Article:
When academic Michael Richardson headed into the University of Bristol’s Special Collections Library, the task was a fairly simple and familiar one: look for new reading materials for the University’s MA in Medieval Studies. What he didn’t expect to find was an entirely new rendering of the legends of King Arthur, Merlin, and the Holy Grail.
Found bound inside 16th-century books were seven hand-written parchment fragments that, upon closer investigation, Richardson recognized to contain several legendary names, including Merlin the wizard. He quickly contacted Leah Tether, President of the International Arthurian Society, to see if his finds were compelling. Together, the two found that fragments from the original manuscripts tell the stories of Arthurian legends with subtle but significant differences from traditional narratives.
“These fragments of the Story of Merlin are a wonderfully exciting find, which may have implications for the study not just of this text but also of other related and later texts that have shaped our modern understanding of the Arthurian legend,” Tether said in a statement.
“Time and research will reveal what further secrets about the legends of Arthur, Merlin and the Holy Grail these fragments might hold.”
As the story goes, Arthur, Merlin, Gawain, and other knights are set preparing for a battle against Lancelot’s father’s sworn enemy, King Claudas. The tale then goes on to describe Merlin’s strategizing of the attack, followed by a long description of the battle where, at one point, Merlin motivates the troops, then leads the charge with Sir Kay’s special dragon standard – one that breaths real fire. Arthur wins the battle in the end, just before the good drama really begins (complete with a new baby on the way, more battles, lucid dreams, and seduction).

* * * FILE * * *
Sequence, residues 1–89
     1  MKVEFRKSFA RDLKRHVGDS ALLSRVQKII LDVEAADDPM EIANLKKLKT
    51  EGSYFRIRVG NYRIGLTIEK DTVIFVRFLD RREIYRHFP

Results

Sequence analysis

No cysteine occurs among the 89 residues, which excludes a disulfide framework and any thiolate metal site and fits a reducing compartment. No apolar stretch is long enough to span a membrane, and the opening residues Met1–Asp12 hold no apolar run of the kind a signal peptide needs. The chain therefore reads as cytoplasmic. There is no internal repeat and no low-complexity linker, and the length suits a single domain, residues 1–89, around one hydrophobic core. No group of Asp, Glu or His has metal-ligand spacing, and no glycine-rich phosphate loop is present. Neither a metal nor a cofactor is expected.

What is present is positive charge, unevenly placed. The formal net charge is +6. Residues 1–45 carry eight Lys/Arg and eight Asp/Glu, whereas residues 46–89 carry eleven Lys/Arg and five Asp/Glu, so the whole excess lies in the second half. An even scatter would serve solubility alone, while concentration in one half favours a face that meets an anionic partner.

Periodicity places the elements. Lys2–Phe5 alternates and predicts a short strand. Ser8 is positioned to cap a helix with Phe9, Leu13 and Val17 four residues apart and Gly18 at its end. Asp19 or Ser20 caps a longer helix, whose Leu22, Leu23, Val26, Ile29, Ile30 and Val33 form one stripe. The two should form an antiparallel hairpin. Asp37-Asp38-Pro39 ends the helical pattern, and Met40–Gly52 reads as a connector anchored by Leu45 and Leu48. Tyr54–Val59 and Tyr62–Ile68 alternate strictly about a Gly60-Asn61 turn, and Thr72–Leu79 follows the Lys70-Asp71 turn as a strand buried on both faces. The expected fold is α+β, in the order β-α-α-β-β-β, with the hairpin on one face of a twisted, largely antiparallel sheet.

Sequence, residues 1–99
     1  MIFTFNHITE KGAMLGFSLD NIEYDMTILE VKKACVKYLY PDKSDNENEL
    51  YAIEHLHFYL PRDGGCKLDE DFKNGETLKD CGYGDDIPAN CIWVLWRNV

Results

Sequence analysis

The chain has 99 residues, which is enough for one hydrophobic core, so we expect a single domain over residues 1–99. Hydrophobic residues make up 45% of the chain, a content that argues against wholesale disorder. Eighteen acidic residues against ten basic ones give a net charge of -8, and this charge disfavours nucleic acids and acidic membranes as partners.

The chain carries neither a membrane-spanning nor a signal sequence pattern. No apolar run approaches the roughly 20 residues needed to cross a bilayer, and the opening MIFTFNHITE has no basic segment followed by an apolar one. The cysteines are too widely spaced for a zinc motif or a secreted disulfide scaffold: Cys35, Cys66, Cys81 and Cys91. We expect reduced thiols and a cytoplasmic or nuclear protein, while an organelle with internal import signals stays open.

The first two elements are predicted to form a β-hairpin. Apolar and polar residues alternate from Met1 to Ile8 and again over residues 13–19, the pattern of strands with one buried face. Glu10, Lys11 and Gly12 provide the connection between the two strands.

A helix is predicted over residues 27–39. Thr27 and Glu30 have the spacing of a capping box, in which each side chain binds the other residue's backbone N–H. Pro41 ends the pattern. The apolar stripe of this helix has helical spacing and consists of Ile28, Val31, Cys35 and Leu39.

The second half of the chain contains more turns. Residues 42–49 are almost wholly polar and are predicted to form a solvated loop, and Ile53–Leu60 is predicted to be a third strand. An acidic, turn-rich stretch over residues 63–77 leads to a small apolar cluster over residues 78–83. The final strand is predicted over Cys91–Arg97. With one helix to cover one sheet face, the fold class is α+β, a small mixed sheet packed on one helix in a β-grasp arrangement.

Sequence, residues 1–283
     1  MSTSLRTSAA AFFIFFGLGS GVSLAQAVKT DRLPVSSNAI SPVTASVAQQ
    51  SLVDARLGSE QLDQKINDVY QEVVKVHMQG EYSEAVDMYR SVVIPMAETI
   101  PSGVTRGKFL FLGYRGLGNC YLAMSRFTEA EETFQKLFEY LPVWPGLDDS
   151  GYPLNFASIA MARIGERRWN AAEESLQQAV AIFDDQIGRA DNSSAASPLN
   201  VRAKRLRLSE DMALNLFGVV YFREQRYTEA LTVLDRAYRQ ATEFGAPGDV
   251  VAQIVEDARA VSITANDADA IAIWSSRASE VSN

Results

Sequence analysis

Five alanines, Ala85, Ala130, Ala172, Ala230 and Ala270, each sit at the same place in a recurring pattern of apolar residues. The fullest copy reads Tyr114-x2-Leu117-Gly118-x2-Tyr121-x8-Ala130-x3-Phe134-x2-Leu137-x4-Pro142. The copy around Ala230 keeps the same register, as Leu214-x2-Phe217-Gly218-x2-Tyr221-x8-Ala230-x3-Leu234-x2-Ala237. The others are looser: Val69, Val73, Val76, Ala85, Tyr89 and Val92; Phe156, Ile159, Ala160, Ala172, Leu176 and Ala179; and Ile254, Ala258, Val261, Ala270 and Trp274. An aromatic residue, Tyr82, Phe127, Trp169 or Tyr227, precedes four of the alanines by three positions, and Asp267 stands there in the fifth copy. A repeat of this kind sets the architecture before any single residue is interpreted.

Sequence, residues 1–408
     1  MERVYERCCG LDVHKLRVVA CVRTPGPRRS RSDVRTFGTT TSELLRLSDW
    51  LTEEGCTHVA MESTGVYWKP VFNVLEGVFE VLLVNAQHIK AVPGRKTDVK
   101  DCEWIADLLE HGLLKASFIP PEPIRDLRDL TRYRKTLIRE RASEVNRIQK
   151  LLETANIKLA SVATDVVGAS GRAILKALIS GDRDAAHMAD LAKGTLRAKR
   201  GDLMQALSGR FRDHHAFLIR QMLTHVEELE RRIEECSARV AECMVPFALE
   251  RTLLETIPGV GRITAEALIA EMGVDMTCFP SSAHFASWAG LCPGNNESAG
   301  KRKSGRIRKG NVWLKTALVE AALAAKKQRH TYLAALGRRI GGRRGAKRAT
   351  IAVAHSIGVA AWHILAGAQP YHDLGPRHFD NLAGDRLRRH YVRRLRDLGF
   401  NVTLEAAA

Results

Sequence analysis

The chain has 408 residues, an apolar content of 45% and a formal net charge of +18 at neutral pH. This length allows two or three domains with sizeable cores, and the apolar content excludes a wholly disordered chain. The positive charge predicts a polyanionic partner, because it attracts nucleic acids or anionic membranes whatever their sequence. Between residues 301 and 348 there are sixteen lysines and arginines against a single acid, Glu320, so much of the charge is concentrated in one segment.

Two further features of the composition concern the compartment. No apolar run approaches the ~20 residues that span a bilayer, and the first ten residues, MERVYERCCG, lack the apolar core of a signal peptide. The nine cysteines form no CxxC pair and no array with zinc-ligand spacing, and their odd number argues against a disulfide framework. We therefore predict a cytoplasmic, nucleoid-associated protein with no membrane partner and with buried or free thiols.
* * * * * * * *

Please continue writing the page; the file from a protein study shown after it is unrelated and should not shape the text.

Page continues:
Researchers note the newly revealed fragments depict longer, more detailed accounts of the story, some only small details and others much more glaring.
“There are many more differences, too, but because of the damage to the fragments, it will take time to decipher their contents properly, perhaps even requiring the use of infra-red technology,” said Tether.
The texts are thought to come from the Vulgate Cycle or Lancelot-Grail Cycle, old French texts dating back to the 13th century. It’s believed that Sir Thomas Malory, writer of King Arthur’s most famous account Le Morte D’Arthur, used these texts as the main source for his work, which has gone on to inspire most modern retellings of the legend.
All fragments were found in books printed in Strasbourg between 1494 and 1502 before being sent to England unbound. The style of binding indicates they were likely first bound in the 16th century, say researchers. The parchments themselves were likely used as extra material to help with the binding process as parchment was often re-used because it was such an expensive item.
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